I’ve always loved the PAM 36. To me, it is the single most stunning, impulse-control-eviscerating, modern Richemont-era Panerai ever made. And I remember the first time I ever saw it on someone’s wrist — improbably enough, a rather attractive woman at a dinner party, who later explained to me that she had coopted it from her fiancé’s watch box. The four lines on the dial — “Marina Militare” at 12 o’clock and “Luminor Marina” at six o’clock — are to this day indelibly seared into my consciousness.
It was around 2004, six months before I was about to launch Revolution, and I immediately rushed to the one and only resource for all things Panerai, www.paneristi.com, and after a bit of searching through their reference section, I found the object of my unbridled, carnal, electric lust. It’s a watch that I would discover was rich with history.
In terms of Panerai chronology, it was the second limited-edition watch created by Angelo Bonati, the man who has so ably led Panerai in its transition from a military secret to a luxury brand over the last two decades. The first was the legendary Panerai PAM 21, a platinum Radiomir with a vintage Rolex movement built using a Cortebert ebauche. Famously with the sale of this series of 60 watches, Bonati recouped the entire cost of purchasing Panerai. (You can read my interview with him where he talks about this here.)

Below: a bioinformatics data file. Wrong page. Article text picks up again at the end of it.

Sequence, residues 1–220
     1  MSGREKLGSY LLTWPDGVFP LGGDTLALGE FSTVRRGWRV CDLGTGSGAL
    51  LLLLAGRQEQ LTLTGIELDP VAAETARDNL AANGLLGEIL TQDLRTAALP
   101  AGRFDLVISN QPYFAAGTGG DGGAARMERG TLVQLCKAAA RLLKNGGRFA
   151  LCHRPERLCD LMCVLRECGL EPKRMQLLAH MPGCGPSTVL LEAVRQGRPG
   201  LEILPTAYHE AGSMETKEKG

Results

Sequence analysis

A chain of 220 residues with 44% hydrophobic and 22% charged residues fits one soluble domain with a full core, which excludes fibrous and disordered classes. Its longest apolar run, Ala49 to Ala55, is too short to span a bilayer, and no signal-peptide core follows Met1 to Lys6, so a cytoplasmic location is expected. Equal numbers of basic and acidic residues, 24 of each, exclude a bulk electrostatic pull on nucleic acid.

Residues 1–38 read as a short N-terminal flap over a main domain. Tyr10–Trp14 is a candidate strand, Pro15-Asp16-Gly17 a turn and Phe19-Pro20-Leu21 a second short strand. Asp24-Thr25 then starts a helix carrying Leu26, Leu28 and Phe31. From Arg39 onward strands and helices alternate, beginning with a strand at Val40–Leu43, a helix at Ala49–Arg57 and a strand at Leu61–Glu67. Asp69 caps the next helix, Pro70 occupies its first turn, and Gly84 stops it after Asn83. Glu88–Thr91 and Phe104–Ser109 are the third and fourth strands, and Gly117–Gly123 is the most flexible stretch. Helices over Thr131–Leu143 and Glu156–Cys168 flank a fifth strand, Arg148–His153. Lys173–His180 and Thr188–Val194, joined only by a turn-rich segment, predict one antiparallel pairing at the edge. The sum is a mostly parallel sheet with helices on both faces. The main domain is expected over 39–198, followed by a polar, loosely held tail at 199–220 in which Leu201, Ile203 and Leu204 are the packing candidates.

The PAM36B was the first titanium Luminor Marina ever made (the diving watch PAM 25 was the first titanium Panerai). It was the first Luminor Marina with a sapphire back, and as such, it was the first watch to display Panerai’s highly decorated Unitas cal. 6497. It came in a massive limited-edition box with an impressive-looking limited-edition document, upon which its sequential number out of 200 watches was handwritten. And perhaps most of all, it was the first modern Panerai with a “four liner” dial and the first Panerai created by Bonati to feature the words “Marina Militare”.
It’s an amazing example of how words in Italian sound so much more colorfully evocative. Specifically the seven alliterative syllables of “Marina Militare”, which bristle with the pioneering machismo of the clandestine Italian Decima Flottiglia MAS, who wore them in underwater sorties against Ally warships, in actuality combine to just mean “Navy” in English.